• WordNet 3.6
    • v unfrock divest of the frock; of church officials
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Webster's Revised Unabridged Dictionary
    • v. t Unfrock To deprive or divest or a frock; specifically, to deprive of priestly character or privilege; as, to unfrock a priest.
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Century Dictionary and Cyclopedia
    • unfrock To deprive of a frock; divest of a frock; hence, referring to a monk's frock, to deprive of ecclesiastical rank or authority.
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Chambers's Twentieth Century Dictionary
    • v.t Unfrock un-frokā€² to strip of a frock or gown, esp. a monk, &c.
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Webster's Revised Unabridged Dictionary
1st pref. un-, + frock,


In literature:

In all this world nobody else comes to such unmerciful and universal grief as the unfrocked priest.
"The Damnation of Theron Ware" by Harold Frederic
I saw a frail little man with a long, yellow face and sunken fanatical eyes, an Inquisitor, an unfrocked monk.
"The Arrow of Gold" by Joseph Conrad
Nothing can equal the prudence of a man of Gaubertin's stamp, unless it be that of an ex-gendarme or an unfrocked priest.
"Sons of the Soil" by Honore de Balzac
They are obliged, in order to supply their places, to hunt up unfrocked monks of a questionable character.
"The Origins of Contemporary France, Volume 2 (of 6)" by Hippolyte A. Taine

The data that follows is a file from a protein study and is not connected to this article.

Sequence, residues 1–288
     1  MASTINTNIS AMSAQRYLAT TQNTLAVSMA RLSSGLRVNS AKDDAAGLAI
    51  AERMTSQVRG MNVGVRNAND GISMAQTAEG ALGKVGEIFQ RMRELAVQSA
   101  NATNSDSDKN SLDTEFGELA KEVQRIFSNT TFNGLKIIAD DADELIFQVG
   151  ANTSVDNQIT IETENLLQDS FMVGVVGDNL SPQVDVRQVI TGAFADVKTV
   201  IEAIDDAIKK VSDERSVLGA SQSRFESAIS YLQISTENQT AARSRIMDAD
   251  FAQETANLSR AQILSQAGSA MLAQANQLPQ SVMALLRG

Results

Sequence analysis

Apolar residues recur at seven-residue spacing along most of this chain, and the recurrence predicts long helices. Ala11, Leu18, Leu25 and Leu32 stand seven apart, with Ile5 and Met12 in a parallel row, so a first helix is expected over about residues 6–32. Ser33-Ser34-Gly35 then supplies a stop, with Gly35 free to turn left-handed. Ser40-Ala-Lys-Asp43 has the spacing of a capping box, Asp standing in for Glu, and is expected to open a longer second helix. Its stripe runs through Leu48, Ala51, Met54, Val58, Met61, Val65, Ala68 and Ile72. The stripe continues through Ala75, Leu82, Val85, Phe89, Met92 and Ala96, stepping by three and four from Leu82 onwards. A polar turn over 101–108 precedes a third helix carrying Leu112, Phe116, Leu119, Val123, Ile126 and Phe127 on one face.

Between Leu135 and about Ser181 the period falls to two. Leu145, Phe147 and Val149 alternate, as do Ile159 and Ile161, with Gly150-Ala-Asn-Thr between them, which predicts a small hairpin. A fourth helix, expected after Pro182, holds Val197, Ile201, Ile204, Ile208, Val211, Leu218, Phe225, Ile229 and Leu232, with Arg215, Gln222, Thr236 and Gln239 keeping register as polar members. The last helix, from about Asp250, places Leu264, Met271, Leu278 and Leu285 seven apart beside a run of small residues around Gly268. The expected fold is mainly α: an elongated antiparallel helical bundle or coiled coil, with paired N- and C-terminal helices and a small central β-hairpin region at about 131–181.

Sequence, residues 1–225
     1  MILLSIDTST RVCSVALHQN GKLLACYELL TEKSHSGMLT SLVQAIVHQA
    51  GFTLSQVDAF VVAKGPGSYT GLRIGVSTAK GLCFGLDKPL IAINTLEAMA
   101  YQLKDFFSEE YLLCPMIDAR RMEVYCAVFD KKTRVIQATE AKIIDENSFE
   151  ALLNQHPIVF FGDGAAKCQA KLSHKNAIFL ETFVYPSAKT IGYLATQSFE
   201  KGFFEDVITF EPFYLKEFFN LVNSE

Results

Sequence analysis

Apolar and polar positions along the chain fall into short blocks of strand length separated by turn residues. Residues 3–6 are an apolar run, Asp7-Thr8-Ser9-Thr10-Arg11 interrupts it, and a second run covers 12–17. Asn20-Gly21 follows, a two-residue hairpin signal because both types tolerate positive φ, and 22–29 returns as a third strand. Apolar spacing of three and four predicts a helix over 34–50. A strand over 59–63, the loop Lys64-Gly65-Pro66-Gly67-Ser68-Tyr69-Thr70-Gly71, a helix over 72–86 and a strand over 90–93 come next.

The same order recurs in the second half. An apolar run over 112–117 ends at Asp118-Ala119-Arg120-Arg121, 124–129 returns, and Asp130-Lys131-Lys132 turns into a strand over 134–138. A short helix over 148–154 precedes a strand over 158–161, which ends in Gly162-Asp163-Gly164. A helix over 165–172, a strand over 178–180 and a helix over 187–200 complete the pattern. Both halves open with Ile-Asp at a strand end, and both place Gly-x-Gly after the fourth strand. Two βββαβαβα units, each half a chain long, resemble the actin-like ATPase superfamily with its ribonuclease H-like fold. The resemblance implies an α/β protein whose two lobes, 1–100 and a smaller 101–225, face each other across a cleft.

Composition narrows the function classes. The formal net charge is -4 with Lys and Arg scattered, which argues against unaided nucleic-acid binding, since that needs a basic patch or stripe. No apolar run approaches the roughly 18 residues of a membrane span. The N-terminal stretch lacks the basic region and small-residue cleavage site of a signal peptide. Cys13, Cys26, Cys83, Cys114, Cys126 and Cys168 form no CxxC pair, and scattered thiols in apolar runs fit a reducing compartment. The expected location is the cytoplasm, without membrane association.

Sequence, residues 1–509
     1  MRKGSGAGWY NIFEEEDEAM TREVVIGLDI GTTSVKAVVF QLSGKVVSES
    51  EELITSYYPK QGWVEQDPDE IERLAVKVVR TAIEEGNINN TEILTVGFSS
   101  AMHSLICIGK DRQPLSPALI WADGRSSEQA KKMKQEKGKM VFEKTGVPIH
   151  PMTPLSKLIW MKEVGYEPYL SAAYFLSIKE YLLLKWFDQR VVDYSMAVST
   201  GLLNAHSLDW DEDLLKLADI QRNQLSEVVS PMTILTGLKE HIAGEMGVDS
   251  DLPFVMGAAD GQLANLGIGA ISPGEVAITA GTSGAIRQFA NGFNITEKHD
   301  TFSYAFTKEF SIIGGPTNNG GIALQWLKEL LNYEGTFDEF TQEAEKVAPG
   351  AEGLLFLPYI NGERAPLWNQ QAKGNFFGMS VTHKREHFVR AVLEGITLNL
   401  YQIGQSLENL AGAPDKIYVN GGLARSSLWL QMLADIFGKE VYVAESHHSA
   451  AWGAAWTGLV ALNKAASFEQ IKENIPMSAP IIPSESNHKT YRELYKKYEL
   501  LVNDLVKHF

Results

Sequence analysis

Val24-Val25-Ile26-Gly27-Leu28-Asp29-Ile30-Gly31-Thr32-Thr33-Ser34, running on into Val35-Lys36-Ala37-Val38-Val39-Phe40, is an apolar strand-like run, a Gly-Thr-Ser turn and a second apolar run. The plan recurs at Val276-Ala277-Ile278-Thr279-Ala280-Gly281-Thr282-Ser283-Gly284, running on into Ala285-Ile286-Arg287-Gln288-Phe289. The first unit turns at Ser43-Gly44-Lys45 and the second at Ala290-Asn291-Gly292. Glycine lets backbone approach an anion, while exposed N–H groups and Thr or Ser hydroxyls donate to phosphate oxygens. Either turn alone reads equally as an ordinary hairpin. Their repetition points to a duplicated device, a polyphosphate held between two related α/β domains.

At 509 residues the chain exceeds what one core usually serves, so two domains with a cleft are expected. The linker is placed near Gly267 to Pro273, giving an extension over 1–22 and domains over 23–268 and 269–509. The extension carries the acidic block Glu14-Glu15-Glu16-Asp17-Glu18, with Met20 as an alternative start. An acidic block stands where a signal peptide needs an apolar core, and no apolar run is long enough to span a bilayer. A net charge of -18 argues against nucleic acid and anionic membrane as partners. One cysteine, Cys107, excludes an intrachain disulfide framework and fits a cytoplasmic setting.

Simply unfrock him, and take away his living altogether.
"The Last Chronicle of Barset" by Anthony Trollope
Do you know what it means to be an unfrocked priest?
"Charred Wood" by Myles Muredach
As for the bishops who voted the Canada bill, they ought to be unfrocked.
"The Bow of Orange Ribbon" by Amelia E. Barr
He may come to be a worthy soldier, and so justify me in allowing him to unfrock himself.
"Both Sides the Border" by G. A. Henty
He was afterwards unfrocked for riotous living, but the stud was produced.
"Punch, or the London Charivari, Vol. 159, December 15, 1920" by Various
But not on that account do I wish to unfrock myself; nor certainly on that account do I wish to be deprived of my wife.
"Dr. Wortle's School" by Anthony Trollope
Apparently he is an unfrocked priest, one who has gone under.
"The Green Rust" by Edgar Wallace
A monk cannot be unfrocked by his fellows.
"The Soul of a People" by H. Fielding
Your mother sold you at twelve years old to an unfrocked priest named Tormes?
"The Spanish Jade" by Maurice Hewlett
Waite is an unfrocked priest!
"Carmen Ariza" by Charles Francis Stocking
Like the priest, the journalist can never unfrock himself.
"Confessions Of Con Cregan An Irish Gil Blas" by Charles James Lever
Obey my pleasure, or I will forthwith unfrock you.
"Highways and Byways in Cambridge and Ely" by Edward Conybeare
He was unfrocked and cast out.
"The Works of Robert G. Ingersoll, Vol. 6 (of 12) Dresden Edition--Discussions" by Robert G. Ingersoll
Is it to be expected that they will unfrock themselves?
"The Works of Robert G. Ingersoll, Vol. 11 (of 12) Dresden Edition--Miscellany" by Robert G. Ingersoll
He thanked fortune now for the chapel game; few enough in Aniston would care to see the unfrocked, disgraced rector of St. James!
"Satan Sanderson" by Hallie Erminie Rives
He was one of those "unfrocked priests" whom people usually blame because they refuse to preach what seems to them a lie.
"The Surprises of Life" by Georges Clemenceau

In poetry:

Three girls, with shoulders like a boat at sea
Tipped sideways by the wave (their clothing slid
From either ridge unequally),
Lean, swift and voluble, bestrid
A starting-point, unfrocked to the bent knee.
"The Orchard And The Heath" by George Meredith